Michael Dell: Vista will win out in two years

Michael Dell: Vista will win out in two years

Summary: Despite research that found Vista uptake among businesses is slowing, Michael Dell has predicted that most companies will migrate to the OS within two years.


Despite research that found Vista uptake among businesses is slowing, Michael Dell has predicted that most companies will migrate to the OS within two years.

Dell's chief executive has predicted that most of his company's business customers will migrate to Vista by 2009.

Speaking to journalists at Gartner's ITxpo Symposium in Orlando, Florida last week, Michael Dell said: "We have a number [of business customers] who have gone to Vista, and almost all are planning to go to Vista: some in 2008, and some in 2009. As they take on new IT deployments with new hardware features, Vista will be much better supported."

However, Dell's assertions run contrary to research published earlier in October by market research company Context, which found that Vista sales for business machines were slowing.

Context found that Vista Business accounted for 13 percent of PC sales among European IT distributors in August 2007 -- down from 17 percent the previous month. Meanwhile, XP Professional accounted for 27 percent of PC sales, but it also saw poor growth, with August's figures down by four percent compared to the previous month.

Vista Business is the direct successor to XP Professional.

silicon.com's Gemma Simpson contributed to this article.

ZDNet UK's Tom Espiner reported from London.

Topics: Dell, Hardware, Laptops, Mobility, Operating Systems, Reviews, Windows

Tom Espiner

About Tom Espiner

Tom is a technology reporter for ZDNet.com. He covers the security beat, writing about everything from hacking and cybercrime to threats and mitigation. He also focuses on open source and emerging technologies, all the while trying to cut through greenwash.

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  • You'd hope

    Mr Dell hopes that this is the case. Within two years there will be dramatic change in the industry, including new players in the market and a better concept other than a 'bloatware' desktop to perform business activity.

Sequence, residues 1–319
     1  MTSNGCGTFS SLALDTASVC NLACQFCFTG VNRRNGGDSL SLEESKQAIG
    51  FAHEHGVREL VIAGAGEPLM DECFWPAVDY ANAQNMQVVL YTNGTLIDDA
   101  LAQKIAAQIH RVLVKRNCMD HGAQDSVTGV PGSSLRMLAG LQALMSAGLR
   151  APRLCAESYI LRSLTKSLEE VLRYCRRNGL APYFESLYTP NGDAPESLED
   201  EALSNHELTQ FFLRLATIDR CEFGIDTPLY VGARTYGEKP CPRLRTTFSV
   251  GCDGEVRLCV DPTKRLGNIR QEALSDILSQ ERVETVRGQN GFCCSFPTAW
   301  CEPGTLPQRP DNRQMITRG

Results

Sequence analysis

I know for one that Vista is not suitable for many businesses, including the price tag and no compelling reason to change, including also the impact on the environment - businesses will look at alternatives to throwing out PC's just because they dont reach Vista's minimum requirements.
    Personally, I think Mac and Linux and thin clients will take a huge chunk out of Microsofts OS dominance in the workplace.
  • Dell, Vista and the environment

    Everyone has their own opinion of Vista of course but it's worth pointing that out Dell offers Australian customers a choice of XP or Vista. More than half of our platforms, including all of current corporate notebook and desktop lines, can be configured with XP factory installed. But we share the concern that customers upgrading their PCs (for any reason) have options for disposing of the old ones properly. That's why we've led the Australian industry in offering recycling options for all of our customers since 2003 and introduced free recycling on Dell-branded equipment in January this year (shortly before the launch of Vista ;-) Cheers, Paul @ Dell
  • How about real choice?

    When do we get a Linux option? Windows will surely die if true competition is allowed.
    I am currently delaying my next laptop purchase because I *will not* purchase Vista. DRM OS: no thank you!
  • Linux

    Good question, I know there's a very strong Linux community in Australia. We already offer options for business customers who want to install their own OS. And for consumers we introduced a number of Dell PCs preloaded with Ubuntu earlier this year. We haven't made a decision about launching these products in Australia but if you're a Linux user who wants to buy them I’d suggest you visit www.dellideastorm.com and add your voice. Cheers, Paul
  • Paul, thanks for your comments

    Without obvious choice all consumers are at a disadvantage. It alarms me that if I visit a store to buy a PC there is no choice but Windows. The linux community in Australia although greatfull for the work Dell has done, would wish for a lot more. A serious offering of linux based PC's with the same level exposure as your windows offering, and also educating the public that there is a choice is something that is severely missing. If anything, this is a great chance for DELL and all consumers.
  • Unbundled PCs are the go for real competition

    I read this on Slashdot the other week:


    Seems that the only way we can get real competition Microsoft is if the ACCC steps in.

    Microsoft has a far bigger monopoly than Telstra, but that ACCC sits back and does nothing. Go figure.
  • thanks

    Its a good read.